Changes in the Mexican Healthcare System: Striving to Increase Public Access for High-Cost Drugs

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Mexican healthcare system

In this article we explore the ongoing changes and implications for manufacturers interested in gaining and keeping access in the public setting in Mexico.

The public healthcare system in Mexico consists of two main branches operating in parallel: the social security institutions providing employment-based insurance and the Institute of Health for Welfare (INSABI, formerly Seguro Popular) providing services for the uninsured. Historically, there have been significant healthcare disparities between these two organizations, prompting the current government to plan a series of reforms to standardize healthcare access across public institutions.

As part of these efforts, the government plans to introduce a new national formulary, increase the budget of the new Health Fund for INSABI, centralize drug purchases through the Secretariat of Finance and Public Credit (Hacienda), and eliminate out-of-pocket costs. Unfortunately, the COVID-19 pandemic has delayed actions to implement these reforms and stressed the healthcare budget, resulting in significant uncertainty.

Public hospitals incorporate new national formulary

Public hospitals started to incorporate the new national formulary (Compendio Nacional de Insumos para la Salud) in December 2020. It was designed to completely replace the previous national formulary (Cuadro Básico y Catálogo de Medicamentos) and the formularies of all social security institutions. Moving forward, decision-making for funding is going to be centralized, and cost-effectiveness and budget impact are expected to become more important to achieve funding.

In principle, this new formulary provides uninsured patients with improved access to high-cost drugs, as the majority of drugs already covered by social security institutions are included. However, experts point out that the budget necessary to make these treatments available for all is lacking. The COVID-19 crisis has significantly affected funding pathways and drug purchasing for the past 18 months.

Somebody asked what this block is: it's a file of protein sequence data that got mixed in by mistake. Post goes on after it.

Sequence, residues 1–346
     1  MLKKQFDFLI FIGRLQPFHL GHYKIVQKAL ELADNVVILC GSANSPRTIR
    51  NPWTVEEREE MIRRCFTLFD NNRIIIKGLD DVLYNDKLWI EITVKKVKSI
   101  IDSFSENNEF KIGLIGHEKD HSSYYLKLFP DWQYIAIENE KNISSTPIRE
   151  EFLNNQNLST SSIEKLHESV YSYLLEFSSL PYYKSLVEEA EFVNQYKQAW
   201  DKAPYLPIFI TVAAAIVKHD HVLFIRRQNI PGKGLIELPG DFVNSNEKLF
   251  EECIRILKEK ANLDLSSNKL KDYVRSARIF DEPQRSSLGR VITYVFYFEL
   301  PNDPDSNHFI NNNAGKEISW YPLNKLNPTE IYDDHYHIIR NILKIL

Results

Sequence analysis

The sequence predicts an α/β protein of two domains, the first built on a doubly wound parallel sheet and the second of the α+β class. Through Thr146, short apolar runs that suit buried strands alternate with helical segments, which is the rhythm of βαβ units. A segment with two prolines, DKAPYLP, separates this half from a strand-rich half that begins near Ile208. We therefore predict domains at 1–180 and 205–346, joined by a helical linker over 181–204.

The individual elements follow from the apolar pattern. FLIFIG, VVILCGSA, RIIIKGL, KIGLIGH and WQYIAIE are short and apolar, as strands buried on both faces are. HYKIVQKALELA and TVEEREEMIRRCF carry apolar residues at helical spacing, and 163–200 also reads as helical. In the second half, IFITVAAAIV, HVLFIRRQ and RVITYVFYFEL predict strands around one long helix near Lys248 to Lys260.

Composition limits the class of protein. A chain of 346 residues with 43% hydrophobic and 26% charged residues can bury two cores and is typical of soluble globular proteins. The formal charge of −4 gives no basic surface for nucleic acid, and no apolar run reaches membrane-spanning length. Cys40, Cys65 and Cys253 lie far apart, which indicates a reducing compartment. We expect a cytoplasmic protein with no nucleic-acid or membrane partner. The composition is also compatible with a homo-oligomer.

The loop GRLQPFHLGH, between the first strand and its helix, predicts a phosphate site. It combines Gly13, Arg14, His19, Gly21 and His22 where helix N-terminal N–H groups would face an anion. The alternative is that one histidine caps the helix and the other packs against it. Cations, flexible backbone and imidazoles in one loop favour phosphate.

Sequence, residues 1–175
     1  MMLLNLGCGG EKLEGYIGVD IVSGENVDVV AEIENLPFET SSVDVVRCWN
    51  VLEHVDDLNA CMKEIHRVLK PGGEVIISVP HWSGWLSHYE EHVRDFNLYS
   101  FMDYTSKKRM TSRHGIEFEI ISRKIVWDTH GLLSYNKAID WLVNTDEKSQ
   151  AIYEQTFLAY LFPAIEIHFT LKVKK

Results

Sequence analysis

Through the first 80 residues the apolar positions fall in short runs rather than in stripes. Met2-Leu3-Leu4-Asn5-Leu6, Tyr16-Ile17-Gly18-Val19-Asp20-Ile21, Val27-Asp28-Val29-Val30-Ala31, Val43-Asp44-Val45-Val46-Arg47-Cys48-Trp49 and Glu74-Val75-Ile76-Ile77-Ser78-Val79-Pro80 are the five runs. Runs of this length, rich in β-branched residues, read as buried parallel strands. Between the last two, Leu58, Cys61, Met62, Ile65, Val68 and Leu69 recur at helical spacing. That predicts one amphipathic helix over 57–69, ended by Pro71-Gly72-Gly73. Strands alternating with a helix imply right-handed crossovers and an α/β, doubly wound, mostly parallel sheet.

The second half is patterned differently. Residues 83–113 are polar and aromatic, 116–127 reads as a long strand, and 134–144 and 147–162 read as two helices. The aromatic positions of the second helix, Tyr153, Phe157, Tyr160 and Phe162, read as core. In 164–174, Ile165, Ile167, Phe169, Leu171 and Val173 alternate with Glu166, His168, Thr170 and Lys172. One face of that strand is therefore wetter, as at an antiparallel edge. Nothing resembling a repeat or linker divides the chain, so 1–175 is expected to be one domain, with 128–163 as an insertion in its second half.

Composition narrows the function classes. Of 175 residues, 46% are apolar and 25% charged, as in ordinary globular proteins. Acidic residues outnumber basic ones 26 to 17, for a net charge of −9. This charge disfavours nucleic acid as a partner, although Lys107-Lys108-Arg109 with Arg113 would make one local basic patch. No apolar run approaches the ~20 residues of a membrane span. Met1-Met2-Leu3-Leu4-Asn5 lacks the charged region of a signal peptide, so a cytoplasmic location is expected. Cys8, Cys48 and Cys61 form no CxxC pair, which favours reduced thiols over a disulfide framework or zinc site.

• Unanticipated costs of COVID-19 patients and vaccines
    Part of the budget of the new Health Fund for INSABI has covered unanticipated costs of COVID-19 patients and vaccines. This fund was intended to substitute the former Catastrophic Health Expenditure Fund under Seguro Popular for tertiary care, but now there are doubts as to whether the budget will be sufficient to cover treatment for other disease areas. Currently there are national drug shortages for the treatment of cancer, diabetes, HIV, and other severe diseases affecting Mexicans.
  • Slower procurement
    In addition to budget constraints, the centralization of drug purchasing through Hacienda has slowed down procurement without securing enough stock for hospitals. The government has recently engaged the United Nations Office for Project Services (UNOPS) to procure drugs through international tenders. Nevertheless, shortages are likely to continue for some time.
  • Patients still paying for medications
    Lastly, while INSABI had planned to eliminate out-of-pocket costs, patients are still paying for their medications in many hospitals despite affordability limitations aggravated by the pandemic.

Landscape for public healthcare in Mexico is challenging despite ongoing reforms

It is highly important for manufacturers to monitor the situation and put mitigation strategies in place to keep or gain access to high-cost drugs in the public setting. Raising awareness of the implications of missed treatments and engaging payers so budgets are prioritized to fund high-cost drugs is key to success.

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